Kindling is a card and digital journal set, designed to help families communicate with loved ones facing mild to moderate Alzheimer's Disease. The cards use a series of questions to spark conversation and create an environment in which your loved one feels confident and supported. While spending quality time together and enjoying a conversation, you can document the experience through audio and video recordings in the Kindling app.
Art Direction: Abby Guido
I chose to use icons instead of photographs because icons let me control the personality of the cards
while keeping them general enough for a wide audience. I designed each icon as a single line illustration
to incorporate the string concept from the logo.
For my prototype I designed a general card set and the accompanying app. However, when ordering online, families will have the opportunity to customize topics and make them specific to the interests and life journey of their loved one. The card set will provide each family with a unique family code they can scan into their apps. This code allows multiple family members to connect with one another through the app while recording sessions with the cards.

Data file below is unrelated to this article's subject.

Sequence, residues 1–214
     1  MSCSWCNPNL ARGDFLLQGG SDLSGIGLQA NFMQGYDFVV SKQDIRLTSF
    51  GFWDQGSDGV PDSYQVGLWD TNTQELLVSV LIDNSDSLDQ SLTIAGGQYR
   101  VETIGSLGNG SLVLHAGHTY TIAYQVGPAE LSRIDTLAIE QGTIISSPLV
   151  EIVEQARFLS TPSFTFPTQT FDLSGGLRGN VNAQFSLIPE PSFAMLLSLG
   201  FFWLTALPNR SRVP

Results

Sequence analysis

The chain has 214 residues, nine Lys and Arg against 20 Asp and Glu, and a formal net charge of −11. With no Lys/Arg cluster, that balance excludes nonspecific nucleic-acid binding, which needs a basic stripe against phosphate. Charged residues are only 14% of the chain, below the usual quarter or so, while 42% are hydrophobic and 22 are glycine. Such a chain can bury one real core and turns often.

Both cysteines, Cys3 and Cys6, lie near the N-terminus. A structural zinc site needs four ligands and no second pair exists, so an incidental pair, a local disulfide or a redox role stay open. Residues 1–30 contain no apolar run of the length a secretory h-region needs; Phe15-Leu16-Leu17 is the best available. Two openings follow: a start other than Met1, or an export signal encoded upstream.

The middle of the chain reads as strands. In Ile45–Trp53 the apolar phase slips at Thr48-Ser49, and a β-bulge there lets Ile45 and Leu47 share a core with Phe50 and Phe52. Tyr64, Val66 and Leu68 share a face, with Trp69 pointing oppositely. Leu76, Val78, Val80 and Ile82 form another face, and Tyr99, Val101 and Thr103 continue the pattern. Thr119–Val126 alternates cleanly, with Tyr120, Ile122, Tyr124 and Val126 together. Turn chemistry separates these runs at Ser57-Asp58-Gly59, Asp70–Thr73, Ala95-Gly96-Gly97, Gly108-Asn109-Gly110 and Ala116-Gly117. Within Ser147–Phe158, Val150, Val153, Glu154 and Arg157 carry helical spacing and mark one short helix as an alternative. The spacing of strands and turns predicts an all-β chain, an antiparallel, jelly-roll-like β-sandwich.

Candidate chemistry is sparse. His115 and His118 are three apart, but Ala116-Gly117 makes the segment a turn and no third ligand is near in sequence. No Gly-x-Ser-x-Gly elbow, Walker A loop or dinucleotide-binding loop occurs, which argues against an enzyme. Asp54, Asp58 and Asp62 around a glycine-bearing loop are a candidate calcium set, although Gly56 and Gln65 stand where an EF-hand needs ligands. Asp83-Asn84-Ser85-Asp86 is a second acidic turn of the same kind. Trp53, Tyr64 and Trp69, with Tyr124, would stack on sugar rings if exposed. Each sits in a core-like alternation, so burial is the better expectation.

When it came to creating a name for this project I thought about what my main purpose was. I knew I wanted this to be something that focused on creating new memories while promoting togetherness, confidence, open dialogue, and storytelling. The name Kindling represents all of these things. Kindling can be an awakening, it can mean excitement, or the spark of a fire.
I wove a string through the letters of the word based on the old adage of tying a string to your finger to help you remember something. While the game is focused on sparking conversation, over the course of those conversations memories are strung together.
Kindling’s colors are red, green, and blue because studies have found that they are good colors for Alzheimer’s patients due to their strong contrasts. Additionally red, blue, and green have other beneficial properties. Red is great for grabbing attention, blue is a calming color, and green represents new life.
Research and Wireframing
The research process for this project began at home. With my grandmother suffering from Alzheimer’s, I wanted to design something our family could use to interact with her. I decided to look into Alzheimer’s studies to gain a better understanding of which practices work and which don't. In doing this I discovered that reminiscence therapy is becoming a popular practice and has shown positive results. Many patients experience boosts in confidence and the ability to communicate. The goal is to keep the individual engaged in conversation, which enables them to exercise their brain. I also learned that most conversation cards are either extremely generic or made for nursing homes and therapists, neither of which were my target audience. After researching the topic extensively I decided that I wanted to create something various families could connect with. In order to get a more precise idea of my audience I created a few user personas.